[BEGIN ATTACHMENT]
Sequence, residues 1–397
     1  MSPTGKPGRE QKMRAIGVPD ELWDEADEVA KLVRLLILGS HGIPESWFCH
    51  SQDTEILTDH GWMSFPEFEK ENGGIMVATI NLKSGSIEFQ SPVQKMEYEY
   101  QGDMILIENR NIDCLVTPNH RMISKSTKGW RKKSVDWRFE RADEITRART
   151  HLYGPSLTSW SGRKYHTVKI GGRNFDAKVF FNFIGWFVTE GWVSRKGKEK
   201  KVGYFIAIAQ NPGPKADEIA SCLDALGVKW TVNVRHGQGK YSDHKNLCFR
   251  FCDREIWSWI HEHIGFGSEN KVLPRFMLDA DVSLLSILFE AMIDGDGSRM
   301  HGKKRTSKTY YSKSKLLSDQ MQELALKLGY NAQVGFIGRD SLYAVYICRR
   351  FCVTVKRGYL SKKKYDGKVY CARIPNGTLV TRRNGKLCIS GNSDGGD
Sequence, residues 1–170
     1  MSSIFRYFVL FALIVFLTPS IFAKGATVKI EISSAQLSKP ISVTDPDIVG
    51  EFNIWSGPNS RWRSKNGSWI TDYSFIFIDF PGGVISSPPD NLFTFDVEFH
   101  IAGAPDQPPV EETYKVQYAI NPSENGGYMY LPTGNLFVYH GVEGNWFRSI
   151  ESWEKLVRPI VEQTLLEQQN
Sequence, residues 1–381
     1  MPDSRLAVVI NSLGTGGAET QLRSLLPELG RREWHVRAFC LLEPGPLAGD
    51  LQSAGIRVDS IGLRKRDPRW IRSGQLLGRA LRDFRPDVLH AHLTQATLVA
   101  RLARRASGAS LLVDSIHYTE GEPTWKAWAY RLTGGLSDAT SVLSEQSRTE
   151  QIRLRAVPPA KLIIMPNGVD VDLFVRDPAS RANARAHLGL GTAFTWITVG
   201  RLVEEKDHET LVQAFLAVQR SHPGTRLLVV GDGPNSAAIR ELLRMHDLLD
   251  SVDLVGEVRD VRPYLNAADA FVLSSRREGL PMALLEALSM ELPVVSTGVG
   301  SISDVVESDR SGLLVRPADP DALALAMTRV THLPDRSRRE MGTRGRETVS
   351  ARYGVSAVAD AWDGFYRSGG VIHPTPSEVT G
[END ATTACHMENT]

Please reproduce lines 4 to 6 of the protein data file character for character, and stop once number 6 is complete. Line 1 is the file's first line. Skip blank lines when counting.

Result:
   101  QGDMILIENR NIDCLVTPNH RMISKSTKGW RKKSVDWRFE RADEITRART
   151  HLYGPSLTSW SGRKYHTVKI GGRNFDAKVF FNFIGWFVTE GWVSRKGKEK
   201  KVGYFIAIAQ NPGPKADEIA SCLDALGVKW TVNVRHGQGK YSDHKNLCFR